It all happened so unbelievably fast. On the Friday before Memorial Day 2010, Trish Cartafalsa noticed that her 2-year-old son, Ryan, was having problems with his balance.
Less than a week later, he was diagnosed with a pediatric brain tumor, and having it removed at The Children’s Hospital of Philadelphia.
Like many children with brain tumors, Ryan needed radiation treatment in addition to surgery. His oncologist, Jean B. Belasco, MD, explained to Trish and her husband, Ben, that Ryan was a good candidate for proton therapy, an advanced form of radiation available through the Cancer Center at CHOP.
Proton therapy is much more precise than conventional radiation therapy, which can cause short-term side effects like nausea and fatigue as well as longer-term complications like learning difficulties and growth problems. All of these side effects can be especially pronounced for pediatric brain tumor patients, whose cancers often require an extremely high dose of radiation — and whose age makes them more susceptible to radiation’s harmful effects.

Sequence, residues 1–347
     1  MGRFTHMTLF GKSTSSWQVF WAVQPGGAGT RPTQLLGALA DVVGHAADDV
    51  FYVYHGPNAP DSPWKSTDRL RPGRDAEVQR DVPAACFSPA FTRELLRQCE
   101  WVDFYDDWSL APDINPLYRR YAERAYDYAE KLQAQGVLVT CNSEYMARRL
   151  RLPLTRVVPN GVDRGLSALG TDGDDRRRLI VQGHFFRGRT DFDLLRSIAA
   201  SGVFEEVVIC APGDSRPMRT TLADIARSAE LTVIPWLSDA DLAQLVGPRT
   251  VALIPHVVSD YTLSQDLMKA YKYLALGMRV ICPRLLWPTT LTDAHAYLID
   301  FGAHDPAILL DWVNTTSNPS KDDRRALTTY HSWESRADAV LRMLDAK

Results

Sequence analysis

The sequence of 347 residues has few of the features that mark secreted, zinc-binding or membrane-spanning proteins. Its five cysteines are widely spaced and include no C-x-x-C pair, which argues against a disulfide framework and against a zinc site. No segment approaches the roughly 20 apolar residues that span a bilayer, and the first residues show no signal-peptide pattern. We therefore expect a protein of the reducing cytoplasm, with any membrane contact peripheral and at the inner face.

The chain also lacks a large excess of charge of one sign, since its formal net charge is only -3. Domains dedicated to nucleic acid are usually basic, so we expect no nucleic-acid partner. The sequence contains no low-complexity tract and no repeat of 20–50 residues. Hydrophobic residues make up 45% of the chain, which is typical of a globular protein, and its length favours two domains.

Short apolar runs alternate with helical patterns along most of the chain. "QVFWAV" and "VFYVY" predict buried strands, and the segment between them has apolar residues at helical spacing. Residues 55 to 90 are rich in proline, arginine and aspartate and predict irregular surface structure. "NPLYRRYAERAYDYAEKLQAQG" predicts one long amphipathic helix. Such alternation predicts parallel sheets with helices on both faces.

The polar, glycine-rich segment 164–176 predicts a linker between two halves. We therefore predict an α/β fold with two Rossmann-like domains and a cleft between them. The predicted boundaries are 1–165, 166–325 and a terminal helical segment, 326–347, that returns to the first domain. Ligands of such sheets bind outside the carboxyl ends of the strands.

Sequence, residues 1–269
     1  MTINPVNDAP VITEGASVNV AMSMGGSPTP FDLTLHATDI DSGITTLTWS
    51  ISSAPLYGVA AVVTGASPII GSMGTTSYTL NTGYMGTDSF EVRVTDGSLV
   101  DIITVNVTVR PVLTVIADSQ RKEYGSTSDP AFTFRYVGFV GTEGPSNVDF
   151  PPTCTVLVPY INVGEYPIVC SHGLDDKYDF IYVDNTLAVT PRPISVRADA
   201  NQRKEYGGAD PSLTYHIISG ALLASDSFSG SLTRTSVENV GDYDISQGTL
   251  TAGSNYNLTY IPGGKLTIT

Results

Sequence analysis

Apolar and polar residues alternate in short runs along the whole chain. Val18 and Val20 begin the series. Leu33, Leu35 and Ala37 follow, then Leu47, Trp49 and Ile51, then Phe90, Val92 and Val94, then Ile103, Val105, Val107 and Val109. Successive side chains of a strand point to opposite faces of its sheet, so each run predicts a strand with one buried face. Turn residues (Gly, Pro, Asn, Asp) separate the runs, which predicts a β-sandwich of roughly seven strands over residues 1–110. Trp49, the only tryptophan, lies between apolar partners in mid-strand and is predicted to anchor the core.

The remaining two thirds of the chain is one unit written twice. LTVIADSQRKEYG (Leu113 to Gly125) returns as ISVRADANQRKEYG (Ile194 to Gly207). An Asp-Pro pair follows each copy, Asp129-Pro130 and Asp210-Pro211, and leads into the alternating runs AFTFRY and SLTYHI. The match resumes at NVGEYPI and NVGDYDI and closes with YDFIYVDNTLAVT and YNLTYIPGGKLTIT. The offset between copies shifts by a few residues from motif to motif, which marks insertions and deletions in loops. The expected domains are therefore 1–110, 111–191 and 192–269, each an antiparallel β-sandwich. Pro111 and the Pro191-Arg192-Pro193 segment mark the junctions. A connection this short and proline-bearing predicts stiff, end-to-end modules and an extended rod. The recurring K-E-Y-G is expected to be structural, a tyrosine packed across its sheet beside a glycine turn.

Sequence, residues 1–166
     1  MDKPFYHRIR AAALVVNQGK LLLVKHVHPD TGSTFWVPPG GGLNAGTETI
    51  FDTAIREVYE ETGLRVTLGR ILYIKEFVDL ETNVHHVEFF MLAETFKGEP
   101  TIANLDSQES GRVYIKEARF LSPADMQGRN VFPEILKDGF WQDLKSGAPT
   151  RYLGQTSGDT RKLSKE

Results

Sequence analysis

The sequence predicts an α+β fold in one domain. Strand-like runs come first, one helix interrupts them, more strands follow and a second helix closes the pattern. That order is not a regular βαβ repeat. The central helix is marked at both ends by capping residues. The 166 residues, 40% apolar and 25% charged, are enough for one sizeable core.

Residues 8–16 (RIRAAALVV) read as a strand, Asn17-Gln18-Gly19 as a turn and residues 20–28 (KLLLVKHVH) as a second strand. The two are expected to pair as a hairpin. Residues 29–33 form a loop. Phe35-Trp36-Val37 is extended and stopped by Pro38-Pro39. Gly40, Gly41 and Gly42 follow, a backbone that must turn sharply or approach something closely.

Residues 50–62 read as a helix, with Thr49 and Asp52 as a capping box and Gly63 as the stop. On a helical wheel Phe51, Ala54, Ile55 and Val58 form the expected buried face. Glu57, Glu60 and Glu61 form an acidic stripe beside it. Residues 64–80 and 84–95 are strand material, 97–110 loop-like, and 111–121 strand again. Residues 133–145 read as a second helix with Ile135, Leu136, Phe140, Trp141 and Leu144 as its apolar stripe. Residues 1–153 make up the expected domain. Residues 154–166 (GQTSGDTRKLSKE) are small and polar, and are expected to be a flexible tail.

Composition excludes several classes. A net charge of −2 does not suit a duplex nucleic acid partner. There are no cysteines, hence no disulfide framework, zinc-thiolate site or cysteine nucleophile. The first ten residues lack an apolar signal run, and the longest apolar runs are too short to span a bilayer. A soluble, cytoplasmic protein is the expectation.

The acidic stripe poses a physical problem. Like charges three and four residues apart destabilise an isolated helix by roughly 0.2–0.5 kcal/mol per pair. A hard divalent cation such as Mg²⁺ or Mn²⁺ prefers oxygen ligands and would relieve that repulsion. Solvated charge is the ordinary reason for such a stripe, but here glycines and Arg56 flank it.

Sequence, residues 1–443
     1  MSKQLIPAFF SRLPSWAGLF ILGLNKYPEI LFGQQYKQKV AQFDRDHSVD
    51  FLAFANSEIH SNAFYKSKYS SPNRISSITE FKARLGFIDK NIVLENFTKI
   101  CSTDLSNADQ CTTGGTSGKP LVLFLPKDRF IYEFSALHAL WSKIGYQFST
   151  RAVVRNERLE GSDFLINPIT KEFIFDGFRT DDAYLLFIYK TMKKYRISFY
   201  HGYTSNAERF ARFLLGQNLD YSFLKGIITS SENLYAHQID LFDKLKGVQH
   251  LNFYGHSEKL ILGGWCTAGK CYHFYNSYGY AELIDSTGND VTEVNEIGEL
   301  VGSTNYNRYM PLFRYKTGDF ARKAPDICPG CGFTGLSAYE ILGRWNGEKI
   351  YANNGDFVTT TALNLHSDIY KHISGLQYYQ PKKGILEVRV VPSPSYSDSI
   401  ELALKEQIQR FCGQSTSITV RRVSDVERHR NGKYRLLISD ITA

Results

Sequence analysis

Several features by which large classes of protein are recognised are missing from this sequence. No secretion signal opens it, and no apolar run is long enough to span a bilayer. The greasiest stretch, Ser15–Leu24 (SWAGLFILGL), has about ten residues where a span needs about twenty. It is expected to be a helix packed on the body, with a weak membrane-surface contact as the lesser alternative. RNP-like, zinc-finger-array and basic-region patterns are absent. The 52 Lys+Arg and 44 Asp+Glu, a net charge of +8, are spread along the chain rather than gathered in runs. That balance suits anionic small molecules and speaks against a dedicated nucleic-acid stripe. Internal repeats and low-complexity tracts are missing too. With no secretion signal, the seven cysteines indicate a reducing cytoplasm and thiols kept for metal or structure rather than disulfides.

In fact, for some survivors of pediatric brain tumors who received conventional radiation, “the intellectual impact can be dramatic, affecting all aspects of day-to-day life,” says John M. Maris, MD, chief of the Division of Oncology. With the advent of proton therapy, he adds, “we are very optimistic that major side effects will be substantially reduced, and, in some cases, even eliminated.”
Ryan had 33 proton therapy treatments at Penn Medicine’s Roberts Proton Therapy Center, the first proton facility in the mid-Atlantic region — and one of the first that was designed with pediatric cancer patients in mind from the start. CHOP staff worked closely with Penn to develop the proton center, which has a child-friendly waiting room just for CHOP patients, and a staff that includes physicians, registered nurses, nurse anesthetists, child life specialists and anesthesia technicians from CHOP.
So far, the treatments haven’t slowed this energetic toddler down one bit. “He did really well,” says Trish, who kept track of her son’s side effects as part of a research study CHOP staff is leading. “I felt like every day I was circling, ‘He was normal.’”
Originally posted: July 2011